How Far Can a Germ Fly?
Given the presence of the H1N1 (swine flu) virus, chances are this year’s flu season will be fraught with more worry than usual, including continuing debate on how it is spread. Many people know that the virus travels via contact with germ-laden mucus that has been sneezed or coughed out. However, in speaking with Mark Nicas, PhD, MPH, CIH, adjunct professor of industrial hygiene in the School of Public Health at the University of California, Berkeley, who has made a specialty of studying this particular form of transmission, I was surprised to discover how far those little particles can travel.
SALIVA AND MUCUS SPREAD DISEASE
Dr. Nicas’s research primarily centers on building mathematical models of what he calls "the exposure intensity of contaminants in air," which -- when it comes to microbes including the H1N1 virus as well as other viruses, bacteria, molds, and fungal spores -- means studying things like "droplet spray," a nicely euphemistic term for the particles that get coughed or sneezed into the air.
The basics of this research make sense: Larger particles settle out quickly and in limited space, says Dr. Nicas, typically within three feet of origination. In contrast, the smaller particles disperse throughout the room and can be inhaled deeply into the lungs -- and the viruses in these small airborne particles can survive for hours and are able to travel from room to room. If you aren’t blessed with a particularly robust immune system, this can and does lead to increased likelihood of exposure and infection. In Dr. Nicas’s educated opinion, many public health messages have under-stated the risk of infection via the inhalation route.
"If you’re dealing with a new influenza strain such as swine flu," Dr. Nicas told me, "you have to treat all types of exposure pathways as important. There’s no reason to believe that direct droplet spray exposure [meaning you’re at relatively close contact and a particle hits you in the eye or mouth] and hand contact are the only pathways -- inhalation is another and probably even more powerful one."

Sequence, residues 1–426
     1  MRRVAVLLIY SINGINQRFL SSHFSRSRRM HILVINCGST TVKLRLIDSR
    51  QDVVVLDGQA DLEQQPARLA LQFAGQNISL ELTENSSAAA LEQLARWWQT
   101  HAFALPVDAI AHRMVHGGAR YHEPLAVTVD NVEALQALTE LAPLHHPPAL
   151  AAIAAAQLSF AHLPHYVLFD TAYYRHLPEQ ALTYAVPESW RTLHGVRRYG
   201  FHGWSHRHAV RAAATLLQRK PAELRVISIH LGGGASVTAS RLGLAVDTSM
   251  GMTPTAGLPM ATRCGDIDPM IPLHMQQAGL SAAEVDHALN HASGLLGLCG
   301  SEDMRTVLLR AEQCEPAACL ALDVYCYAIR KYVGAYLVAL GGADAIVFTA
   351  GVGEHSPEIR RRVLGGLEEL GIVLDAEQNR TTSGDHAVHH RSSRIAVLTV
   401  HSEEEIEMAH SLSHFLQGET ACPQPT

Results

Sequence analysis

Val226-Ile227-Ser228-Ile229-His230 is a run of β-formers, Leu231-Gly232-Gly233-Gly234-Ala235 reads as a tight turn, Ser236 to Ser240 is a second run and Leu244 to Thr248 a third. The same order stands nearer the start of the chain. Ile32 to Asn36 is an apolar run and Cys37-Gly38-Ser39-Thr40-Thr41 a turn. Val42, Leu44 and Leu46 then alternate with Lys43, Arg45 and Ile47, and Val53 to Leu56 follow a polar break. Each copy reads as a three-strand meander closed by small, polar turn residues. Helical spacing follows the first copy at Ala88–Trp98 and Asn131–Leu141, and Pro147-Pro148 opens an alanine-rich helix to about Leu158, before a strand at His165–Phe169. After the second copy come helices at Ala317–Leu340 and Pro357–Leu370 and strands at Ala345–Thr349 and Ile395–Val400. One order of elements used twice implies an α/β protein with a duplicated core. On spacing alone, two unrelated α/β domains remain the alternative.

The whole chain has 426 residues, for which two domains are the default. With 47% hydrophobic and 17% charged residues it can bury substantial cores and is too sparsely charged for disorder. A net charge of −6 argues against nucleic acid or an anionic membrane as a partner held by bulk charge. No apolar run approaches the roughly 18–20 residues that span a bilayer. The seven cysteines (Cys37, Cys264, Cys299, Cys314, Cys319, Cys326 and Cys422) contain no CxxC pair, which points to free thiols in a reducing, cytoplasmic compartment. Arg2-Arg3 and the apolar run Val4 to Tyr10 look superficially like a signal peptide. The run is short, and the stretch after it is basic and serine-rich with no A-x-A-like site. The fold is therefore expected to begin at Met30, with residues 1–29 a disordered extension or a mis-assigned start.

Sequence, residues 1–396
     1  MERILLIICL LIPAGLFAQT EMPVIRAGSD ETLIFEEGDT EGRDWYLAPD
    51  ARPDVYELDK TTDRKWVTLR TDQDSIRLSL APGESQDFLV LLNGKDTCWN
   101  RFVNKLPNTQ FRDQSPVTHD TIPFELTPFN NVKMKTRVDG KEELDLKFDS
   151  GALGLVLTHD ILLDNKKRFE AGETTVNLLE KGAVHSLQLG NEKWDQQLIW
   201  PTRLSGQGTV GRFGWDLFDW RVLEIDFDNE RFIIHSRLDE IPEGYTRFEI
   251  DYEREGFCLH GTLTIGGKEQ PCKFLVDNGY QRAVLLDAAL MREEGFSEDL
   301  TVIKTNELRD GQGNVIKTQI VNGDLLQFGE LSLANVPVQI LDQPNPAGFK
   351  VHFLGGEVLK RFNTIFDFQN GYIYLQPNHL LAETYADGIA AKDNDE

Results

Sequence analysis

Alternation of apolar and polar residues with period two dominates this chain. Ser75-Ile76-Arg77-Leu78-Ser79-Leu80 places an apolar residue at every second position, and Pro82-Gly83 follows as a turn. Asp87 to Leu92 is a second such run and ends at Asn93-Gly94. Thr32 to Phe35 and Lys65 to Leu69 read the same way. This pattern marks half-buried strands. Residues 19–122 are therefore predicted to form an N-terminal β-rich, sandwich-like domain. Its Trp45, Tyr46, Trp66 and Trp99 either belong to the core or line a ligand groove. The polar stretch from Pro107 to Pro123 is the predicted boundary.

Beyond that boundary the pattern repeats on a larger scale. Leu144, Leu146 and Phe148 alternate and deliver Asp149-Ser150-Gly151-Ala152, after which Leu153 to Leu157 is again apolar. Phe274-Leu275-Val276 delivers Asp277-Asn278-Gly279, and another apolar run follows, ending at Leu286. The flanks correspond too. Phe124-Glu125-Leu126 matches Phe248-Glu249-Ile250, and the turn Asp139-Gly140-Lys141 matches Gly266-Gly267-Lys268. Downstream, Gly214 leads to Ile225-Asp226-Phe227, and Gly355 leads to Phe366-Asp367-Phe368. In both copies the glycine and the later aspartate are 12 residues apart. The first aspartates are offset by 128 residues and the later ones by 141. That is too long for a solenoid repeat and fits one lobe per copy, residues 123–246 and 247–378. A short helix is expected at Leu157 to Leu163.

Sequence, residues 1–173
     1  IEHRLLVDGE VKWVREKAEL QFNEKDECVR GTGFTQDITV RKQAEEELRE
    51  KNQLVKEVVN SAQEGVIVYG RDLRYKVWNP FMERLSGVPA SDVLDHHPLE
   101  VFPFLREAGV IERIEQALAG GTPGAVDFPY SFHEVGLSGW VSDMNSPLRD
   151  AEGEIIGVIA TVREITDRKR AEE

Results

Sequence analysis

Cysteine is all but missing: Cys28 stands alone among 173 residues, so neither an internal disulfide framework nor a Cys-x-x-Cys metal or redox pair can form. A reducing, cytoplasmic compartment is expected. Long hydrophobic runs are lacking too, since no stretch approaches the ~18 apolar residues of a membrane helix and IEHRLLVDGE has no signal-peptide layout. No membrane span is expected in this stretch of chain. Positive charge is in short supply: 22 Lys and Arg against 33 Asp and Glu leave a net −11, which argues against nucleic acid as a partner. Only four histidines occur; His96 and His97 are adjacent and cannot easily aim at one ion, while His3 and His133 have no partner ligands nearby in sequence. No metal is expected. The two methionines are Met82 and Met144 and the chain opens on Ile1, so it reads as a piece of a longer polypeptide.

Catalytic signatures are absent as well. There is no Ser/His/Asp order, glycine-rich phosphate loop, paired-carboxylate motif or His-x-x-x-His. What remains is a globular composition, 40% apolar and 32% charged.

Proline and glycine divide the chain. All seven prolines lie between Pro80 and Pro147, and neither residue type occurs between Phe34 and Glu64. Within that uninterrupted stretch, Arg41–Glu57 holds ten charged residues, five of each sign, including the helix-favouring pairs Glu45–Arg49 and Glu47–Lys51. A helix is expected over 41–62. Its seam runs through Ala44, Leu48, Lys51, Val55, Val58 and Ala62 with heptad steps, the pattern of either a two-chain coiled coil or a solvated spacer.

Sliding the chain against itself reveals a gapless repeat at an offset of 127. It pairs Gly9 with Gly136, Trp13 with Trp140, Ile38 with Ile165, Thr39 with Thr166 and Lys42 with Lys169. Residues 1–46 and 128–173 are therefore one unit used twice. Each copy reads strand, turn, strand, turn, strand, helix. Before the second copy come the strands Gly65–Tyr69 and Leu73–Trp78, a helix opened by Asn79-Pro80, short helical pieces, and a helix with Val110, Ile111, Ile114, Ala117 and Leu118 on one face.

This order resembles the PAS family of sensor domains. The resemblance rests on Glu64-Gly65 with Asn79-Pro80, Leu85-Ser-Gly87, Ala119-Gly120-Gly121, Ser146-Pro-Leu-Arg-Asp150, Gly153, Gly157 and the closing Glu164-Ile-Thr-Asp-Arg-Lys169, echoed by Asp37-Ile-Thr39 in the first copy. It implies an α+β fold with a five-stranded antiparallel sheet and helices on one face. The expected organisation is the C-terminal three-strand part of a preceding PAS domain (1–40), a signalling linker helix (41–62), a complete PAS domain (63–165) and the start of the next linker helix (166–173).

WHAT THE DOCTOR DOES
I asked Dr. Nicas what measures he personally takes to protect himself and his family during flu season. He washes his hands frequently and avoids touching his nose, mouth and eyes until he’s had an opportunity to wash his hands first. His knowledge of the power of airborne particles has prompted him to minimize the time he spends in crowded venues during the height of flu season, although he says that urban living makes it impractical to always avoid crowded places. Thus far, he is not wearing a respirator mask -- but, he says, if the novel H1N1 virus or any other infectious agent proves to have a high mortality rate, he would consider taking that step as well.
Note from Lucy: I thought this was a good article about how germs get around...With flu season upon us it is important to make sure you build your immune system so that you can fight off these germs.... If anyone is interested, I have a recipe for a flu tonic that would help fight off the flu and build your immune system...
Mark Nicas, PhD, MPH, CIH, adjunct professor of industrial hygiene, School of Public Health, University of California, Berkeley.